cover story for NOW Magazine's 2019 issue: https://issuu.com/sophienow/docs/now_final_issuu_527d178c5e6103 

There’s this quote that I love from Diana Vreeland about style: 
" It helps you get down the stairs. It helps you get up in the morning. It’s a way of life. Without it, you’re nobody. I’m not talking about lots of clothes. "
While my style evolution has, unfortunately, still not helped me overcome the boundary of stairs, the way I dress myself has undoubtedly played a role in helping me understand who I am, and who I want to be. It’s the same way that what I do with my time, the words I say, the things I write, and my every other action shapes my identity and sense of self. Sometimes I feel that style boils down to making decisions—decisions about how you want to present yourself to and experience the world. It’s work, but I believe that being conscious of your own presence is important, and thinking purposefully about what you put forth into the world is valuable work to do. 
It has very little to do with the clothes you wear, and perhaps more to do with the energy and attitude you carry, which can be so influenced by how you’re dressed. For me personally, clothes are also a very unique opportunity to feel tangibly connected to a physical world that presents many boundaries for me. I make a point to buy as much of my wardrobe as possible from thrift stores or sites like Depop, for environmental sustainability reasons, but also because garments with backstory interest me more so than garments I simply find beautiful. I love wearing things that I know others have worn, and constructing stories about them in my head that I imagine my experiences add to or build on.
I actually remember exactly when my interest in fashion began—when after school activities ceased to consist of animal crackers and naps and became soccer practice and dance rehearsal, my adolescent self encountered a very isolating conundrum. I couldn’t participate in any of these physically demanding activities, and my interest in drawing and painting didn’t exactly provide the supportive community that my friends enjoyed through their sports teams. By the grace of some higher power, the solution to my isolation presented itself shortly after I received my first laptop for Christmas, when my world was forever changed by a virtual space called Bloglovin’.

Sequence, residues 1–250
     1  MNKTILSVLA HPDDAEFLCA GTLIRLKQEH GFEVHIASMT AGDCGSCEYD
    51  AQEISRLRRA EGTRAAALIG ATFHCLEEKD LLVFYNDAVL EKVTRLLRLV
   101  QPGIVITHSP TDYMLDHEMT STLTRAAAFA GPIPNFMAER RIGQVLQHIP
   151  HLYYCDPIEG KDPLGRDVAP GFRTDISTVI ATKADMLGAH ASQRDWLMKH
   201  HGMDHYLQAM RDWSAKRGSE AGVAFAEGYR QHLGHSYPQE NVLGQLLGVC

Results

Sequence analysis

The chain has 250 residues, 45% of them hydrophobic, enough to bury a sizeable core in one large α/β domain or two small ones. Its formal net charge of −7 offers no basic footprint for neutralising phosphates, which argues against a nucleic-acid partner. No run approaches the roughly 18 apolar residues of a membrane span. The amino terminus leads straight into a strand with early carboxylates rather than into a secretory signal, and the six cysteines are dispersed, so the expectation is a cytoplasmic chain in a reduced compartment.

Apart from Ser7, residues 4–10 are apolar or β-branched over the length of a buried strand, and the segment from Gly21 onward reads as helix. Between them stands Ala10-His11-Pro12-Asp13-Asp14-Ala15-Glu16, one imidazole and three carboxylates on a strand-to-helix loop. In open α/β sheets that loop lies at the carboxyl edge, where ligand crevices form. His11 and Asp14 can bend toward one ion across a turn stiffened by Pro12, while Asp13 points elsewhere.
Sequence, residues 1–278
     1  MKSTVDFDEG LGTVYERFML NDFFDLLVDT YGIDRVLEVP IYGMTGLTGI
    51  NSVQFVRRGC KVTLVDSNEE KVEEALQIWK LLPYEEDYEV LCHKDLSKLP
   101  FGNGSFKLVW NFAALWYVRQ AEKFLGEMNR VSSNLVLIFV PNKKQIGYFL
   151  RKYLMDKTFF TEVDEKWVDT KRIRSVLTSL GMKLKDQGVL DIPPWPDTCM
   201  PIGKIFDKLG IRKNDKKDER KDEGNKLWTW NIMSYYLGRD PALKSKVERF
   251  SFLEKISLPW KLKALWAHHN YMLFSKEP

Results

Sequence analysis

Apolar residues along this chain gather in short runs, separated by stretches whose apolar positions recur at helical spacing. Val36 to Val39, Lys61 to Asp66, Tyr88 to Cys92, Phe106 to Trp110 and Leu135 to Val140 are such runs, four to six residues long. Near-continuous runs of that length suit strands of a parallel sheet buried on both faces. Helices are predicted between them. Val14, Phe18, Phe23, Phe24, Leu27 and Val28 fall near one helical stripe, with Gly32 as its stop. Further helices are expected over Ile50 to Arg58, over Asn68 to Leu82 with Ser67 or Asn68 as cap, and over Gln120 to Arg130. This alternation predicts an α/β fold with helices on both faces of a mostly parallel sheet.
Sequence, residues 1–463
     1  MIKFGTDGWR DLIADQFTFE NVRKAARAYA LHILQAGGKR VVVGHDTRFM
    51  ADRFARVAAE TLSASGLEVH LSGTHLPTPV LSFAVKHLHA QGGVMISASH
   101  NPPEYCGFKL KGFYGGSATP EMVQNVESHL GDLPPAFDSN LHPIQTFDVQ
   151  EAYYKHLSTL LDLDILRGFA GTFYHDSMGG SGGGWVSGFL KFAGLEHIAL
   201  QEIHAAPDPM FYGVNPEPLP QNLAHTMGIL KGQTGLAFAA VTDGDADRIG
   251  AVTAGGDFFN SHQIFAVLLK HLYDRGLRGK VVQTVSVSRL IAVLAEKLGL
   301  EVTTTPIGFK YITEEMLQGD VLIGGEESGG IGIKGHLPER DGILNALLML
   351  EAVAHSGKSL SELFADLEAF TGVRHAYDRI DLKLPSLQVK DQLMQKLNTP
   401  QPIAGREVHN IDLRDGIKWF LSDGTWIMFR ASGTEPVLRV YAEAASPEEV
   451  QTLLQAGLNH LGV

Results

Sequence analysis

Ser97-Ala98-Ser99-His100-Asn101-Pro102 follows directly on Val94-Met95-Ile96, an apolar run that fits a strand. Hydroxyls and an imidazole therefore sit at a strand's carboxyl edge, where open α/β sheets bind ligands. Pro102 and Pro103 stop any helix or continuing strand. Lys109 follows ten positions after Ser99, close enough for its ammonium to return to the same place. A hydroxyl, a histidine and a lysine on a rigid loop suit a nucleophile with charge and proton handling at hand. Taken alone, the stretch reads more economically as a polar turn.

Each day after school, I signed into my account to see what had been posted that day on The Blonde Salad, PeaceLoveShea, Man Repeller, or Into the Gloss. These blogs were more to me than just websites, they were a support system. They provided a wealth of confidence I drew from when I rolled into my high school classrooms each day in dramatic winged liner, vibrant shades of lipstick, fedoras, and fur vests (and thankfully, they’ve guided my style evolution since then). I felt so empowered by the women who ran these blogs, that I even taught myself how to create a website from scratch and designed my own—which is tragically gone now, since my tween self forgot to renew my domain name. 
Every 14 year old is self-conscious about their appearance, the changes their body is undergoing, the pressure to fit in with their peers—let alone being the only kid in school in a wheelchair. The 300 pound hunk of metal that I throne daily never gave me the opportunity to blend in and with everyone else around me, and, at 14, the fashion blogosphere took my hand and showed me how to embrace that facet of my life as my boldest, most coveted accessory.


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